Day 155 – Mount Shasta – Cascade Loop, May 1, 2011
Petey and I awoke to another glorious day! My weather app on my iPhone forecasts wonderful weather all week…I hope it is right! We began the morning driving A10 toward Mount Shasta. It makes a relatively easy climb nearly half-way to the glacier-clad summit where it simply dead ends. Many winter enthusiasts were strapping on cross-skies while I simply turned VANilla around and headed back down the mountain. The drive afforded some fantastic views, but it was so nice outside, I would have rather just found a trailhead leading into Shasta-Trinity National Forest.
After weaving down the mountain, we continued south to Dunsmuir, and old
railroading town whose bare streets clearly confirmed the town businesses were closed on Sundays. Dunsmuir is also known for its drinking water, which comes from an underground spring and it bottled for nationwide export. The town calls itself: “Home of the Best Water on Earth”. I tried tasting it at a public water fountain located at Hedge Creek Falls, but the handle to the fountain was broken off.
Petey and I found a geocache hidden in a hollow tree near the Hedge Creek Falls trailhead before taking the short path down to a plunging waterfall that visitors could walk behind. We only made a quick stop here before heading to Castle Crags State Park. Just as I have found at most other California State Parks, dogs are not allowed on the trails, so I asked the ranger if there were any dog-friendly trails nearby.
She pointed me a few miles down the road to a trail located in the Shasta-Trinity National Forest. Dog Trail which leads to Pacific Crest Trail is a 6 mile roundtrip hike that gains 900 feet in elevation, most of it in the first half-mile. Had I not known that the relatively level Pacific Crest Trail lead to a variety of lovely waterfalls, I may have turned around as the rocky, red dirt Dog Trail that angled straight up beneath little shade offered somewhat unappealing views.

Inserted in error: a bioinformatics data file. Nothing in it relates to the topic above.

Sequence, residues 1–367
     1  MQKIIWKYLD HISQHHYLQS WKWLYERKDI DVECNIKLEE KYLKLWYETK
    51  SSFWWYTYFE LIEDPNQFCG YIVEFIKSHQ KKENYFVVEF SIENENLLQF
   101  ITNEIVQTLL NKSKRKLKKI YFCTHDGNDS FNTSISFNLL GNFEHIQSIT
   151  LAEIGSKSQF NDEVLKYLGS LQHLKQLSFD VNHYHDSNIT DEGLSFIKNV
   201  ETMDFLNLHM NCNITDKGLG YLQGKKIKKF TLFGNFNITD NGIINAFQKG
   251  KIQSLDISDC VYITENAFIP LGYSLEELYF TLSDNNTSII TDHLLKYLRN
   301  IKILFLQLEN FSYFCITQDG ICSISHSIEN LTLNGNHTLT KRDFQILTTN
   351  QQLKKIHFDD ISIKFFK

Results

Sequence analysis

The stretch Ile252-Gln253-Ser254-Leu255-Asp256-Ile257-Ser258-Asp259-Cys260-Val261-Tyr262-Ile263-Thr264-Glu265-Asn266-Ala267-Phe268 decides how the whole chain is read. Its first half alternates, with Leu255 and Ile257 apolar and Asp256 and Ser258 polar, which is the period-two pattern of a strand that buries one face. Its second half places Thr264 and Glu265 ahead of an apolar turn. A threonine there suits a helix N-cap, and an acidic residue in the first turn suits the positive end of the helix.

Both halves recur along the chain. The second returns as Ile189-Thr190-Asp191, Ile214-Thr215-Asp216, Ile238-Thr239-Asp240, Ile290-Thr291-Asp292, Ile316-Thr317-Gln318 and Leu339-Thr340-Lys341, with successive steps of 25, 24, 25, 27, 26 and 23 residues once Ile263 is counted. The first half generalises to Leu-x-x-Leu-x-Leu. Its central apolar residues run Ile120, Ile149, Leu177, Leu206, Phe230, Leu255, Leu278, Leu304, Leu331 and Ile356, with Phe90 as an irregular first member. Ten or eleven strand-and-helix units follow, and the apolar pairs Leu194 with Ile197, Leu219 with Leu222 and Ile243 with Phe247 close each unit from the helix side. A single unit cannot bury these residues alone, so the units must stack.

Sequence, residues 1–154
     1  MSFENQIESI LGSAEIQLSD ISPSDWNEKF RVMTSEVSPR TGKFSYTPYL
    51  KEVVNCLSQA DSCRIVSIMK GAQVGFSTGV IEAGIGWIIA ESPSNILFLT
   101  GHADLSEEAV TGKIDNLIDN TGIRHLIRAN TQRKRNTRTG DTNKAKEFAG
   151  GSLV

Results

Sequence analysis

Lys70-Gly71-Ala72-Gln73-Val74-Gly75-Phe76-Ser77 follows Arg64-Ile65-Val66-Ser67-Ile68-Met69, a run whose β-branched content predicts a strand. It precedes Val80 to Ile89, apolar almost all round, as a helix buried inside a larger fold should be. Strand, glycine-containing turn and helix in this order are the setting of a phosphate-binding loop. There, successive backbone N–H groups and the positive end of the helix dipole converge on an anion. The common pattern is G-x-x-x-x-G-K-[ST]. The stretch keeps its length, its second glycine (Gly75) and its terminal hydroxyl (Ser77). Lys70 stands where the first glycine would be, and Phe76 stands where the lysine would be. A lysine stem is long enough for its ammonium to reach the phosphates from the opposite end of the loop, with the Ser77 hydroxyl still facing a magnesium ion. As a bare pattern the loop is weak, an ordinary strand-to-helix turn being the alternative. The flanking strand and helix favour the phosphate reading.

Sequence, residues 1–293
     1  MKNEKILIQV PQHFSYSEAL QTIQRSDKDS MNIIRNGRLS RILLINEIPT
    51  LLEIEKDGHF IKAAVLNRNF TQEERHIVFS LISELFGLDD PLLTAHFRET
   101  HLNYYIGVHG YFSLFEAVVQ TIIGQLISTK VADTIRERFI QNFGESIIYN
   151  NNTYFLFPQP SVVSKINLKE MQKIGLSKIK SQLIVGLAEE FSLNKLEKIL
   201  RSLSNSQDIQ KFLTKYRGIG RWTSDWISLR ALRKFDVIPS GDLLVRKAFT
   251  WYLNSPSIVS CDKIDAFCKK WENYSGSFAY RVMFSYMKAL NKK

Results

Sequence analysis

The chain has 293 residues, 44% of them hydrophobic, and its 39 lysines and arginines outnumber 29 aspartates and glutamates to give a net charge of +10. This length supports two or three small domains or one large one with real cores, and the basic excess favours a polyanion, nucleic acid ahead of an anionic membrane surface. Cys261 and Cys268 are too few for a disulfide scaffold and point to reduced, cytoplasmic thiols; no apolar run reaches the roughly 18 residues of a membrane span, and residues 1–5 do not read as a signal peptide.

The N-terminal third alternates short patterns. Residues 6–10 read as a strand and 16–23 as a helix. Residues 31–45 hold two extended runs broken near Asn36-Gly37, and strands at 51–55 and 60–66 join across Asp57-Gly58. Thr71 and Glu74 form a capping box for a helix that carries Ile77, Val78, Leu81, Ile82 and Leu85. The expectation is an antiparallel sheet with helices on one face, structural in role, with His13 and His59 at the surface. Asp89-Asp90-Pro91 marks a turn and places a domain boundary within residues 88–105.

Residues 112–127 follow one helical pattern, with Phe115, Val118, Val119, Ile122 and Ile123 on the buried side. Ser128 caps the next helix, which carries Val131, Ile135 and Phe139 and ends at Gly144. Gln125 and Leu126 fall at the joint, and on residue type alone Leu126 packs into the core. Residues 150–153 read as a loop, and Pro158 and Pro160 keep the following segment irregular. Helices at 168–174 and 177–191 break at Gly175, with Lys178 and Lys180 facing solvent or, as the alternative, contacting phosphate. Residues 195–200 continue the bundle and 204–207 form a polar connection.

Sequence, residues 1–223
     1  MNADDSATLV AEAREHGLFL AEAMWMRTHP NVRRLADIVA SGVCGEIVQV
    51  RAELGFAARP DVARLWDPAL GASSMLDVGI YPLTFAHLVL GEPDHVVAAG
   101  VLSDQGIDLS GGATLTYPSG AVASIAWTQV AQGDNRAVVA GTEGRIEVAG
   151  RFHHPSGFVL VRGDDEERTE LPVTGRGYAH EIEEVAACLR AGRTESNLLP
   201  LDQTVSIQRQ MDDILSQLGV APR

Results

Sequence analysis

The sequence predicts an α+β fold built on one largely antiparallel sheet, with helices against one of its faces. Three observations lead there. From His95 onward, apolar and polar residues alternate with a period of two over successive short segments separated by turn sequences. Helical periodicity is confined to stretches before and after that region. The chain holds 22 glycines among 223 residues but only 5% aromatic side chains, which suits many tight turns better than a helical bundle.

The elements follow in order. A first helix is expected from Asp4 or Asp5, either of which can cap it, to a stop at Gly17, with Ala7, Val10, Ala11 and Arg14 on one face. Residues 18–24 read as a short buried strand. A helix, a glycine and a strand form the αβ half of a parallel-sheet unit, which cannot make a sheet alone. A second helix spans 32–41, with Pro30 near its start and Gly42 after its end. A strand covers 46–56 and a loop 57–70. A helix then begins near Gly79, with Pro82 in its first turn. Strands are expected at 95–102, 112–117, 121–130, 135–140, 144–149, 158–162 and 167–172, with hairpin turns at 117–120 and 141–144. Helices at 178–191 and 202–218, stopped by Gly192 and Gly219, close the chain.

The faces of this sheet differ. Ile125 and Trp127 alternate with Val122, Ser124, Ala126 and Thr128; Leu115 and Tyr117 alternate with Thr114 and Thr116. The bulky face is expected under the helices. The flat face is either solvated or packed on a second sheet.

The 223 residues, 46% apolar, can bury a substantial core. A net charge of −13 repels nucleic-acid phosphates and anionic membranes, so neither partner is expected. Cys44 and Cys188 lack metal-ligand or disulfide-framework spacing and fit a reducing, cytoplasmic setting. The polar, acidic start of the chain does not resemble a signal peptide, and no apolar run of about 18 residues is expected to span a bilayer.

As we continued on, however, we reached a shaded trail littered with pine needles, Douglas fir cones, and live oak leaves. Countless lizards darted across our path and slipped into rock crevices as grasshoppers chirped, flies buzzed, butterflies flitted around, and birds flew from limb to limb. After almost two miles of hiking, we reached a few small streams where crystal water trickled down moss-covered rocks.
Another half-mile down the trail we reached the union of Burstarse Creek and Ugly Creek where white water glided over solid rock and required us to soak our feet in ankle deep water as we crossed its path. Here, as the trail climbed again, we were afforded a breathtaking view of Castle Crags and Burstarse Falls just across the canyon. The slender, long falls cascaded down a solid grey rock background. Unfortunately, the tree covered trail made it difficult to capture any good pictures of the falls, but the hike was rewarding none-the-less.
Due starting a little late in the day, I passed by many folks returning from the falls including a couple that just got engaged and a man who asked if I was planning to hike all the way to the falls. I said, “I plan to. Is it hard? Will I miss them?” He said, “Well you have to go off trail to get to the base of the falls and it is steep and rocky. Having never been there before and being alone you probably shouldn’t.” He was right. I didn’t even try. I would have had to guess the direction just by listening to the pounding spray, and I’m certain Petey and I would have been sliding down the slope. I’ll have to come back with someone else or earlier in the day as I can only imagine how spectacular it would be to enjoy the spray at the base of the falls.
Upon returning to VANilla, we called it a day and returned to the north to stay at the Yreka Wal-Mart again before spending the next few days completing a 400 mile drive in the shape of a backward C in what I am guessing is an area with little cell service. ETB
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